Former Government Communication and Information System (GCIS) chief executive Mzwanele Manyi says then deputy director general of the organisation, Phumla Williams, illegally signed off on a R26 million tender.
Manyi, appearing before the state capture commission of inquiry on Wednesday due to a miscommunication by the inquiry’s lawyers, turned the tables on Williams who made damning allegations against him during her testimony.
He said Williams and the employees whom she had given a glowing review during her testimony – while accusing him of driving them out of the organisation – forgot to inform the commission that they had been investigated by National Treasury after Williams had “illegally signed off on a R26 million tender”.
Manyi said payments for this tender were made through “numerous invoices so as to go unnoticed by Treasury”.
Manyi submitted a National Treasury investigation report that highlighted procurement irregularities with two service providers hired to do work surrounding an awareness campaign about the 2011 census.
Manyi, reading from the report, said that it found that Williams had signed off a contract worth R26 million to one of the service providers when she did not have the authority to do so.
The company was later paid R6.9 million before the scheme was uncovered, he said.
The same Treasury probe found that a second service provider was irregularly paid R700 000 for the same project, while StatsSA allegedly paid a service provider R64 million to provide artwork for the ad campaigns on the 2011 census, but never provided any work.
Manyi also dismissed Williams’ allegations against him.
Williams, who is currently the acting director-general of the GCIS, said during her testimony in August that, on arrival, Manyi overhauled the GCIS, replacing the entire department’s bidding committee with officials loyal to him.
She also claimed that he placed his office in charge of “signing off on any tenders”.
She said Manyi used his position to meddle in the affairs of the internal auditing team.
Manyi is expected to return to the commission on November 23 – the day he was originally scheduled to testify.
Earlier, Judge Raymond Zondo, who is heading the commission, said it was due to a miscommunication that Manyi had been instructed to attend Wednesday’s proceedings.
But Manyi insisted that he be granted the opportunity to give his version of events even after Zondo had ruled that he should appear before the commission on November 23 as previously communicated.
Just before the commission adjourned for lunch, Manyi requested to address Zondo and insisted that he was “being treated unfairly by the commission” since the “miscommunication was on the part of the commission’s legal team”.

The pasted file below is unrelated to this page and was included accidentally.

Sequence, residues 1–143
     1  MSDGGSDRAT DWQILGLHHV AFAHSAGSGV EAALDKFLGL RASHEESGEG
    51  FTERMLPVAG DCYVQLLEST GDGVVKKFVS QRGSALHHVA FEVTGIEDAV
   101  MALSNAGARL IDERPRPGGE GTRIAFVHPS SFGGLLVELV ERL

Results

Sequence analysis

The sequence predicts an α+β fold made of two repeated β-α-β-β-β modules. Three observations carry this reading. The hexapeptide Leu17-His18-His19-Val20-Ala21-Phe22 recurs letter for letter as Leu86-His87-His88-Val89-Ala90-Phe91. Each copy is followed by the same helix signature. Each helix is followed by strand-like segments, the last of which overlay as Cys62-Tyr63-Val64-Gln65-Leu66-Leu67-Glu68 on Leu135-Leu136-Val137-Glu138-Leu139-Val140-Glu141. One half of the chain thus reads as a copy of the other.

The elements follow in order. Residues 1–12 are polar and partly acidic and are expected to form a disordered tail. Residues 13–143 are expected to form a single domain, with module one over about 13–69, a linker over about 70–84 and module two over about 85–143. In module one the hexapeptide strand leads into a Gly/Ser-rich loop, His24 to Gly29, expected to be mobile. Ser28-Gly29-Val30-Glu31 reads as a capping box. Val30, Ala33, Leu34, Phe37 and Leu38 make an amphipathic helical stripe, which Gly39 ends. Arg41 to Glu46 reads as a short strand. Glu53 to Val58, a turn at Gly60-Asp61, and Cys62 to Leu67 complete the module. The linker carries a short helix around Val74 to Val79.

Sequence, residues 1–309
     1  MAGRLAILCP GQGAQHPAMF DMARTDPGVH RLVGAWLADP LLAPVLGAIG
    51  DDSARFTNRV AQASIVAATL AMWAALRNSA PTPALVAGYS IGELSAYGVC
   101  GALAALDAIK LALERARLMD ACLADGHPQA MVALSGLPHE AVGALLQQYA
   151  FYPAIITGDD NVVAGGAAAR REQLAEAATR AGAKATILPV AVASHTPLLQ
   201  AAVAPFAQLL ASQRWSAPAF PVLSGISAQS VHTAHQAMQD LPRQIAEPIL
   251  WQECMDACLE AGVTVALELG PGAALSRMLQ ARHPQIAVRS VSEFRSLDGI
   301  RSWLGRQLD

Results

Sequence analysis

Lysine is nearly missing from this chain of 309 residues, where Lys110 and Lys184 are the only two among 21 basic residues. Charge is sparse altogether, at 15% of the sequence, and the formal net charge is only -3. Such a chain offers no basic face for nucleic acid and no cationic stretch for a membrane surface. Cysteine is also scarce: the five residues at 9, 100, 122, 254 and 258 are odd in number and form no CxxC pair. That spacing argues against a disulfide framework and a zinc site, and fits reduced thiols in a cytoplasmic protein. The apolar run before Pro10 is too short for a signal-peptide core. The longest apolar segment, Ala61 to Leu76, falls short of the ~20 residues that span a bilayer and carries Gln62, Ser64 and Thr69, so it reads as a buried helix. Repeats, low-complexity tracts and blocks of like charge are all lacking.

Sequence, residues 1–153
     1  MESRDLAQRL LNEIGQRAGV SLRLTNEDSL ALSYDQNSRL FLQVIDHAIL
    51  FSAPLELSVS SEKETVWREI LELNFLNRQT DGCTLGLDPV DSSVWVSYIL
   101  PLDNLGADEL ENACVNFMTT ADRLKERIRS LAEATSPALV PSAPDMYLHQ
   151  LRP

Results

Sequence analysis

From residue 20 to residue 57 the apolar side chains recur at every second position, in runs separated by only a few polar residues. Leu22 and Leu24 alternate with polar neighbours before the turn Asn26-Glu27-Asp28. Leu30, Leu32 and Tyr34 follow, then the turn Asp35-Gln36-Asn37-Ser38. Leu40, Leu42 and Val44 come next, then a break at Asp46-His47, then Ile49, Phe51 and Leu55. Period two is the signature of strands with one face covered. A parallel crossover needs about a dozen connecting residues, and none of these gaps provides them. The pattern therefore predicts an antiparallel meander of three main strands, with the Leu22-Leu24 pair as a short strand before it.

Manyi then requested that “a compromise” be struck between himself and the commission.
“I have psychologically prepared myself to testify. May I proceed with giving my version of events and if the legal team is not ready I will return as scheduled on November 23 and I will respond to whatever questions they will have then?”
Zondo approved the request.
Meanwhile, former president Jacob Zuma’s son, Duduzane, briefly appeared before the inquiry on Wednesday and aired his grievances with the commission’s legal team.
Duduzane and his legal team were scheduled to cross-examine former deputy finance minister Mcebisi Jonas who made damning allegations against him at the commission.
However, Jonas – through his legal counsel – requested that he appear at a later date due to work commitments.
Deputy chief justice Raymond Zondo on Tuesday granted this application and rescheduled Jonas’ cross-examination to November 26.
This rescheduling was, however, done “without consultation” with Duduzane and his legal team.
Duduzane’s counsel, Piet Louw, said his client had been “greatly inconvenienced by “the sudden and uncommunicated rescheduling” since “he had to travel from abroad in order to appear before the commission and cross-examine Jonas”.
“His wife is also expecting a baby at the end of the month,” said Louw.
“The postponement of Jonas’ cross-examination without any warning to Zuma and his lawyers is prejudicial to my client,” he said.
Zondo noted that it was an oversight on the side of the commission’s legal team and ruled that a date more suitable for the two parties should be pursued and settled on.
The sequence of events on Wednesday came as a slight reprieve for former and current ANC leaders who have been thrust into the spotlight following testimony by former public enterprises minister Barbara Hogan which had revealed gross meddling by former president Zuma and other party members including former secretary-general Gwede Mantashe in the appointment and day-to-day running of state-owned enterprises.
Hogan, however, summed up her testimony on Wednesday by saying: “Zuma’s conduct severely and negatively impacted on state-owned enterprises and began a new norm where presidents and members of his cabinet unduly influenced appointments in SOEs”.
- Additional reporting by News24